David Price tells Ringside he wants to fight Tyson Fury

Last Updated: 13/10/13 4:25pm

Price: suffered double defeat to Tony Thompson in 2013

David Price is determined to bounce back from a disastrous 2013 and reckons a match-up with Tyson Fury could get him back on track.

The British and Commonwealth heavyweight champion suffered the first defeat of his career to American veteran Tony Thompson in February, when the 41-year-old landed a knockout blow on the Beijing bronze medal winner in the second round.

"I'm looking forward now and I'm looking forward to writing the wrongs of what has happened in my career."

David Price

And Thompson stopped Price again in July, this time in the fifth, to stun the Liverpudlian's hometown crowd.

Now plotting his return from that double-blow, Price told Ringside a couple of under-the-radar fights before the end of the year would be ideal, before a potential meeting with the loser of David Haye v Tyson Fury in the New Year.

"I want a fight in November then maybe again in December," he said.

"I could do with a couple of fights that are out of the way, not topping the bill in Liverpool all the time, massive occasions. And I need rounds, I need to be in ring for eight, 10 rounds, lose a couple of rounds here and there.

"I never got to have that because I was knocking everyone out. In a way I was a victim of my own power and there was always a chance of that happening.

"But this heavyweight division is wide open underneath the Klitschkos. There are opportunities, especially in this country. We've got those Haye, Fury, Dereck Chisora, myself and other fighters coming through.

"After I get a couple of wins, get back on my horse the more realistic opportunity would come against the loser of that Haye v Fury fight, ie, in my opinion, Tyson Fury.

"That's been a fight people have wanted to see for a long time, regardless of me getting beat or not. That will still be a big fight."


However, Price admits the defeats to Thompson have been hard to get over, although he suggested nerves may have been the principle reason for his loss in the second encounter.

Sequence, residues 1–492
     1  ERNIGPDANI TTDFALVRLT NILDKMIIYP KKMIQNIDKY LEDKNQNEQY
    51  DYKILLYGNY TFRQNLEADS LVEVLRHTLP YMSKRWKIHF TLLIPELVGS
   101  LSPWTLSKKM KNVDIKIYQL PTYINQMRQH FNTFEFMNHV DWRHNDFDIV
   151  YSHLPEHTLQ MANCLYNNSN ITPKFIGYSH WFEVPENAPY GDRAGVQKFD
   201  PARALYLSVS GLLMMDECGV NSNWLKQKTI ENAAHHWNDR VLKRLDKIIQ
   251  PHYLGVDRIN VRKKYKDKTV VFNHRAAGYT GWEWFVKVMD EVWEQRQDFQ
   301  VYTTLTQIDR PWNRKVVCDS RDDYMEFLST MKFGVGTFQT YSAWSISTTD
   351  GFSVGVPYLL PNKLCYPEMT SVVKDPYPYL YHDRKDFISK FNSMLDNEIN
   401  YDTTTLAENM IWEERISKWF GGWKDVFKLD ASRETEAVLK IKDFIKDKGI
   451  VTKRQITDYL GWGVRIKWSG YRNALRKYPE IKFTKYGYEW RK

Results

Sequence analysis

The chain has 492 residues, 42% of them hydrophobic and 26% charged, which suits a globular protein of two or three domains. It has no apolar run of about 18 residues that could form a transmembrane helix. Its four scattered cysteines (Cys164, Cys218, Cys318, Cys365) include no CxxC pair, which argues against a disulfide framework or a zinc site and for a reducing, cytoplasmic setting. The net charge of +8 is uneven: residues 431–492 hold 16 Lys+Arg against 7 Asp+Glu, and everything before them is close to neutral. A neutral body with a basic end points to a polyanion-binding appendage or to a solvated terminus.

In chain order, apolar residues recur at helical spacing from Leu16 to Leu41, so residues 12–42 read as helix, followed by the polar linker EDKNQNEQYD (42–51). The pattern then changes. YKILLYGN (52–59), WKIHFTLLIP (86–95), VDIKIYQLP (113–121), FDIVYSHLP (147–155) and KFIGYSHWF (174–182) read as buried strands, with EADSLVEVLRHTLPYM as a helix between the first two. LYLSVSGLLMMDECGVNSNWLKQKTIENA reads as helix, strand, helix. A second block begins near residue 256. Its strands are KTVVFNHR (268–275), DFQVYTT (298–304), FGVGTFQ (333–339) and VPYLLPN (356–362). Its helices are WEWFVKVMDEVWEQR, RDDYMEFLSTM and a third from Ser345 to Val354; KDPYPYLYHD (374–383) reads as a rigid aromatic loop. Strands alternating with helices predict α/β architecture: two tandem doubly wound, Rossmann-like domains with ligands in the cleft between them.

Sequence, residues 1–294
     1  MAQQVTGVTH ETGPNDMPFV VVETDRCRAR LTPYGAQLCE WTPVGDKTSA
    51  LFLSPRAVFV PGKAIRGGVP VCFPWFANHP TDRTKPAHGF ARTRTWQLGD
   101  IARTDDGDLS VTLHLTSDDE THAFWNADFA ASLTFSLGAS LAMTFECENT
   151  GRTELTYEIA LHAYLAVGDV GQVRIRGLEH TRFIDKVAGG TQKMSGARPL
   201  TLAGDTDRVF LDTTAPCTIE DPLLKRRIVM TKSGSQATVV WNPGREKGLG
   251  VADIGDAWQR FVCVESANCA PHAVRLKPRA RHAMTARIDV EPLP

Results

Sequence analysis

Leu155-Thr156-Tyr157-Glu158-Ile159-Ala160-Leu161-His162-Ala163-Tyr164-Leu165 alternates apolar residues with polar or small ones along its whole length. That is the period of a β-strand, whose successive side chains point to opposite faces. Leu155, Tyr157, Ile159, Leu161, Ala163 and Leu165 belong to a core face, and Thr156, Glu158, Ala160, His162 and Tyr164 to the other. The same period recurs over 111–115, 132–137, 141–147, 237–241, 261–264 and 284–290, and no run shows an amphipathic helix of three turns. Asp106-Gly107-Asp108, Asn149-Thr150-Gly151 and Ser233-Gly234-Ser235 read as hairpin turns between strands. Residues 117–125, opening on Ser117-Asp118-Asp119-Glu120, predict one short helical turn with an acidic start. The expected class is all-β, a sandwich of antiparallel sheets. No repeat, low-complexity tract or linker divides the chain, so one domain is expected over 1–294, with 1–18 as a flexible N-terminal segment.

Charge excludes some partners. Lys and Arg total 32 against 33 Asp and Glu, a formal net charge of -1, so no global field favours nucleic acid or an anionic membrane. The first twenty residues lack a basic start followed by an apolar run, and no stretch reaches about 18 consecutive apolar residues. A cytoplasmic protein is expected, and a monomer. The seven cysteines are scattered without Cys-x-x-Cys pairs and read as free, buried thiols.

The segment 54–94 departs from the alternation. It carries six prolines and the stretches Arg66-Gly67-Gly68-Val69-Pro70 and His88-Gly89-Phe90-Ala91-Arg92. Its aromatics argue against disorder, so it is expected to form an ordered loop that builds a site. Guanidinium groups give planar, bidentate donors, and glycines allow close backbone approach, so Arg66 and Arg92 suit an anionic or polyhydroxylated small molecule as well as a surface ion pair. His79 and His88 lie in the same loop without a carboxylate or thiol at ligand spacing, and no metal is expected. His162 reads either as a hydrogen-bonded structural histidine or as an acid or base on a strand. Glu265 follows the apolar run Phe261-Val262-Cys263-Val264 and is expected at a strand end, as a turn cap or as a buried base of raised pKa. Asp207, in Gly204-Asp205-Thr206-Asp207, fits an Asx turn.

"It's been hard to cope with," he said.

"The first defeat was difficult to come to terms with. Looking back and evaluating everything, the first fight was bad luck.

"If you look at the second fight with Tony Thompson I got hit with plenty more than what I got hit with in the first fight it was only my own exhaustion which beat me. He was hitting me with the kitchen sink.

"But the week of the fight, on the Monday, I did the media work out and I was in a bad way. And that was only taking it easy. I thought I'd be ok by the weekend.

"I did everything you could ask of me in training. I did all the sparring, I was fit, but I was under a lot of pressure from the outset and the previous loss to Tony Thompson by knockout was in the back of my mind - and it built up a lot of nervous energy.

"Maybe it would have been better to get an interim fight before going back in with him. In hindsight, now I know you don't have to go back in to try and beat the man who has beaten you - but my pride was hurt and I wanted to get back in.

"In the end I was a second away from doing it, beating a man who has troubled the Klitschkos. But he got up, I was exhausted and that was that.


"No-one could have foreseen what has happened to me but it has happened and it's gone now. It's history as far as I'm concerned. I'm looking forward now and I'm looking forward to writing the wrongs of what has happened in my career.

"I've lost twice, but only to one man and as far as I'm concerned if I can tap into my potential and fulfil it I could finish my career having only lost to the one man."

The defeats led to Price splitting from long-time trainer Franny Smith and the 30-year-old says he is currently in the hunt for a new mentor.

"I'm speaking to different trainers and trying them out and I'll come to a conclusion in the next couple of weeks who is going to be the best man to take me forward," he said.

"Not only do I want a trainer I want someone who can guide me for the rest of my career, someone experienced.

"There are a lot of options for me because a lot of people know I've got the ability to go a long way but it's not a decision I want to rush."